Della Boyd is gaping openmouthed at the cloisonné bird pinned on my sweater. “Why, that is so beautiful it takes my breath away! Look, Helena, can you see Sophie’s pin? It’s a work of art!” Now Helena is leaning forward to see the pin, and Steve and Teri are nodding and murmuring in agreement from the other side of the table. Patrick is smiling with satisfaction, proud that his gift has inspired such admiration. Potts observes that such a wonder should be passed around the table for closer inspection.
Mindy is eyeing the pin, frowning slightly, as if wondering how such a small thing, something she would never be caught wearing, can evoke such emotion from adults. Perhaps she will tell her friends about it later: “And this fat old woman was wearing this weird-looking bird pin that everybody was having a cow over!”
Rachel returns with a serving platter in one hand and a bowl of gelatin salad in the other. On the platter are slices of the turkey and ham I have smelled baking in her oven since early morning. She hands the platter to Patrick. “Why don’t we start with Aunt Sophie?” she says to him.
“I just love birds!” Della Boyd says. “Don’t I, Helena? Don’t I love birds?”
“She loves birds,” Helena says dryly.
“Especially little hummingbirds,” Della Boyd says. “They’re my special favorites.”
Steve volunteers that he has seen an owl in his backyard. Patrick shares the fact that both long-eared and short-eared owls spend winters in the Southeast.
“Why, I didn’t know owls had ears,” Della Boyd says. “Did you, Helena?”
No one replies to this. Mindy opens her eyes wide and stares hard at her plate, as if thinking, Is anyone at this table going to say something normal?
Rachel returns with two more dishes, one of mashed sweet potatoes, another of green beans.
“But then, I suppose birds have to have some kind of mechanism for hearing,” Della Boyd says. “What I meant was . . .” She trails off.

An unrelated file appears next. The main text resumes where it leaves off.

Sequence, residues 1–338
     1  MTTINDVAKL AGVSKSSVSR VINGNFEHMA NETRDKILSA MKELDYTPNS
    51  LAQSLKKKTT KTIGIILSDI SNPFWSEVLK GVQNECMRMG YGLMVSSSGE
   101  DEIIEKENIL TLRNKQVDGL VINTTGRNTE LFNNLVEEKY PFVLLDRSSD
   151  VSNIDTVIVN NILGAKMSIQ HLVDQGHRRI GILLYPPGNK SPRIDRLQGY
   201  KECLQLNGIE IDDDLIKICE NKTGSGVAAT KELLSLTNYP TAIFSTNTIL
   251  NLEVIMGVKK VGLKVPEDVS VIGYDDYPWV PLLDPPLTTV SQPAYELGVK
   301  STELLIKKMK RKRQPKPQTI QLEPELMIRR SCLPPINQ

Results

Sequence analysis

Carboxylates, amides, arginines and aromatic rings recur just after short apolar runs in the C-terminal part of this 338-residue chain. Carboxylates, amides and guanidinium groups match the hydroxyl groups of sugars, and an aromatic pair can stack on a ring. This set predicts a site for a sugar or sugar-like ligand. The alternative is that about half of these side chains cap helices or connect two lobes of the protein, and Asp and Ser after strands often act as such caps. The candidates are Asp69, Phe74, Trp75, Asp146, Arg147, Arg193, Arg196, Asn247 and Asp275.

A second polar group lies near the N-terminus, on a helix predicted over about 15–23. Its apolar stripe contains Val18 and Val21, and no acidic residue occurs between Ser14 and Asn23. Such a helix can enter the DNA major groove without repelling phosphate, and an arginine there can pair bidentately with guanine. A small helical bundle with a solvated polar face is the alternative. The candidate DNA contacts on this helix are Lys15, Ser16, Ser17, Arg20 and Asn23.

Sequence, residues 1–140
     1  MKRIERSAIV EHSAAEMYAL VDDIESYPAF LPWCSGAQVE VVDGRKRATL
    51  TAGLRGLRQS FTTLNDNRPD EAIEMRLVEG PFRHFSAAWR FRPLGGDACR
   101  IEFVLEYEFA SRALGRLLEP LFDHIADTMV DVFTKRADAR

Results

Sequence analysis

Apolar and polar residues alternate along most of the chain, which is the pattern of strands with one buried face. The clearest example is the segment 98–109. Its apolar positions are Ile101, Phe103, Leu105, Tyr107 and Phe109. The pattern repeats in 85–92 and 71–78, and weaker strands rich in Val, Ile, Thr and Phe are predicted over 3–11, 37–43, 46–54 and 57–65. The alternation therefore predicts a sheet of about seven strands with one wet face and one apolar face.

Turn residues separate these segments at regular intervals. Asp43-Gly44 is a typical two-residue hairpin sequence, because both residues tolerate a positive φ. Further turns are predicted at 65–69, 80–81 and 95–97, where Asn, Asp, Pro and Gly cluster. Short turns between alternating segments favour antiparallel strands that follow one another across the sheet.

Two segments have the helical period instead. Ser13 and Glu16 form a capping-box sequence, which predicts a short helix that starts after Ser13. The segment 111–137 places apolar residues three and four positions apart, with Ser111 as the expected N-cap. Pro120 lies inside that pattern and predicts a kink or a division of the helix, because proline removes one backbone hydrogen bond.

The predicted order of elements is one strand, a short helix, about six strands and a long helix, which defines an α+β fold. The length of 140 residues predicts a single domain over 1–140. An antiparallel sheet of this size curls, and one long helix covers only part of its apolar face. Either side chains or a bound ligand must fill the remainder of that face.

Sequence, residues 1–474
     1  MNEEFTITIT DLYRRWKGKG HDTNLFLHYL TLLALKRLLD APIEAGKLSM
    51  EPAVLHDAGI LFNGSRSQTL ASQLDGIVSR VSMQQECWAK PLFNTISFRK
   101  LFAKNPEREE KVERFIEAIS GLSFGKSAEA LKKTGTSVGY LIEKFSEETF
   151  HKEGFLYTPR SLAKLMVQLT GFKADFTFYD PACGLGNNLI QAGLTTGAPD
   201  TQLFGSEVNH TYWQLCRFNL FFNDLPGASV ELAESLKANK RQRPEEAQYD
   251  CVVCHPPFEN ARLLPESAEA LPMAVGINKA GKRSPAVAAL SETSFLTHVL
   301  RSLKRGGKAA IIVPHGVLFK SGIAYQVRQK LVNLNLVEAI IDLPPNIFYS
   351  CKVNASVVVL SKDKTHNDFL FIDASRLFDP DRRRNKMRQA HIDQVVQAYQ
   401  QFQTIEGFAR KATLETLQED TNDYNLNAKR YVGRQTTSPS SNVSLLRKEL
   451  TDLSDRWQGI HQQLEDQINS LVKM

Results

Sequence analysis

Patrick explains that the owls’ ears are actually only tufts of feathers that have nothing to do with their hearing.
“Well, now, that is certainly interesting,” Della Boyd says, looking at Patrick with great awe.
And thus, seated between a great innocent and a tiresome pedant, I am served my Christmas dinner. I think of what Samuel Johnson once observed, that one does not have to travel widely to see all there is to see of humanity.
From Publishers Weekly starred review, June 2006:
“With this fictional octogenarian’s rich reflection on her disappointing life, Christy Award-winner Turner pens her best novel in years. Dangling the promise of leaving her money to whichever distant relative cares for her, ‘Aunt Sophie’ takes up residence in the spare room belonging to her loquacious, pontificating nephew, Patrick, and his diffident wife, Rachel, in Greenville, Mississippi. They collect a ragtag group of acquaintances, including an ex-con and a severely disabled four-year-old, who flit in and out of the story. Sophie, a former English teacher, passes her days mostly by reading obituaries, watching television, and learning about the birds outside her window. Turner brilliantly weaves together the threads of Shakespeare’s plays, television sitcoms, birds and their habits, and the deaths of celebrities gleaned from Time magazine’s obituary section as she unfolds the story.”
Endorsement by Phyllis Tickle, Writer and former Religion Editor for Publishers Weekly:
“If ever angels were to try writing stories, they would strive to make them like Jamie Langston Turner’s novels. Steady, soft-spoken, elegantly plain, Turner takes us by the hand of our mutual imaginations, and with the pure, sweet voice of the accomplished writer, she sings us down into the kingdom of the believing heart. I love her books.”